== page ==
The Green Deal
Building reports on why, without extra incentives, consumers could give the government’s energy efficiency scheme the cold shoulder
Few would dispute the claim made by energy minister Greg Barker that the Green Deal is “the most innovative thing in the energy efficiency space ever tried by government”. For the first time, the government plans to meet its energy efficiency goals not by subsidising measures but by creating a self-sustaining market.
This will mean the construction industry is going to have to sell energy efficiency, as well as install it. But notwithstanding a £125m fund for cashback offers to consumers, there are no long-term incentives for the Green Deal - which many in the industry feel makes it a hard sell.
After all, energy companies struggled to meet their targets on previous government schemes, which heavily subsidised insulation products through a charge on all consumers’ energy bills. The latest figures from regulator Ofgem show that with three months left to run on the four-and-a-half year CERT (carbon emissions reduction target) scheme the big six energy companies still had 10% of the work left to do, and 20% of the insulation work was still outstanding. Demand was so low that they had even begun to give away insulation.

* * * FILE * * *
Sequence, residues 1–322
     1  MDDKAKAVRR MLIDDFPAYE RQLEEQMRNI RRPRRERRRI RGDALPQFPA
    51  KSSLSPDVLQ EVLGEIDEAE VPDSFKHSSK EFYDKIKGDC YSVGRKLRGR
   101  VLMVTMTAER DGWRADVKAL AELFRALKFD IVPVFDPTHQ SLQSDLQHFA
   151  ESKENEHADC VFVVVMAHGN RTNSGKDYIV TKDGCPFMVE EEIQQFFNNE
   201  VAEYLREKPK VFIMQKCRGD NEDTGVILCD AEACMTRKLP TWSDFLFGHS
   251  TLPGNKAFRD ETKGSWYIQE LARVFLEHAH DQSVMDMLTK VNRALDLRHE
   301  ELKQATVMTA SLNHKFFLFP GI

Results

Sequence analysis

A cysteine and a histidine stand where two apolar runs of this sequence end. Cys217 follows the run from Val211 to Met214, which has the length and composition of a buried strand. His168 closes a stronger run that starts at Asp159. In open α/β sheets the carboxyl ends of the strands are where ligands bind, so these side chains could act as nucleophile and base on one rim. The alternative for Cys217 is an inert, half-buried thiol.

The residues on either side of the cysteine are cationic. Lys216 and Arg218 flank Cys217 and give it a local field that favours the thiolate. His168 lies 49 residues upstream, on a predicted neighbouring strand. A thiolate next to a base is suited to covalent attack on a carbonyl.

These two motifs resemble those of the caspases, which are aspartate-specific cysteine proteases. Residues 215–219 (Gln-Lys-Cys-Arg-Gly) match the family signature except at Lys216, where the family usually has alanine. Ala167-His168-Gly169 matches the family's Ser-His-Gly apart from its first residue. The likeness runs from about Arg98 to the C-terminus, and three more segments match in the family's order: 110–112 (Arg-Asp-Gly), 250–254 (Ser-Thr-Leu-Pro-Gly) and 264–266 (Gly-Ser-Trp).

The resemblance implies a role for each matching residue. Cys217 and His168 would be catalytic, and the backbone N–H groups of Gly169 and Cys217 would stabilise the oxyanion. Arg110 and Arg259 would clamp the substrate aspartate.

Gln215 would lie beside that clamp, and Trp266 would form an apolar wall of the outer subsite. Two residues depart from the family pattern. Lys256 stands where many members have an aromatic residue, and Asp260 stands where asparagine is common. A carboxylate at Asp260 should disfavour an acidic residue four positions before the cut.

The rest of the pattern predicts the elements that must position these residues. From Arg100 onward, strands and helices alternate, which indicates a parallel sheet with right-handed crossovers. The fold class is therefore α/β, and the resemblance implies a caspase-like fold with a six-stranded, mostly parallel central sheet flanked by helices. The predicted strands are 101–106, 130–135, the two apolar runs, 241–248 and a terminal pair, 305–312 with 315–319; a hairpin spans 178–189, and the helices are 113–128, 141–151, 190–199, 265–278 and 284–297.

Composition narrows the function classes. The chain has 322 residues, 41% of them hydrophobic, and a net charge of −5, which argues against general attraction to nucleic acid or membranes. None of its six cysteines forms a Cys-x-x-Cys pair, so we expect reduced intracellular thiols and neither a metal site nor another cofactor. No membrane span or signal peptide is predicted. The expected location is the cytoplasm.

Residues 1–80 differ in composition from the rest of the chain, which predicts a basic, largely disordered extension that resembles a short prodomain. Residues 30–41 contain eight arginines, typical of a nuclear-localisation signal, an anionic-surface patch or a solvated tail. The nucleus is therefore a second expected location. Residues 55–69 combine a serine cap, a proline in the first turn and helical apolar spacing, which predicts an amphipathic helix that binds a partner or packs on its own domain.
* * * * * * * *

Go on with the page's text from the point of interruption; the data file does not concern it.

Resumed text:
This history of low take-up of energy efficiency schemes is why Building’s Green for Growth campaign calls on the government to provide measures for consumers to drive the Green Deal. Specifically, we are calling on the government to look at further incentives, particularly structured tax incentives, and revisit its decision to drop the proposed changes to Part L of the Building Regulations - announced in December last year - that would have forced homeowners to upgrade the energy performance of their properties when making improvements (see full campaign aims, below).
Others in the industry are concerned too. The Federation of Master Builders has campaigned for VAT on home improvements to be dropped to 5% to keep costs down and make the offer more attractive. Meanwhile, John Tebbit, deputy chief executive of the Construction Products Association, points out that any long-term incentive must steadily nudge people towards energy efficiency, not spring it on them suddenly, to avoid people “writing to the Daily Mail”.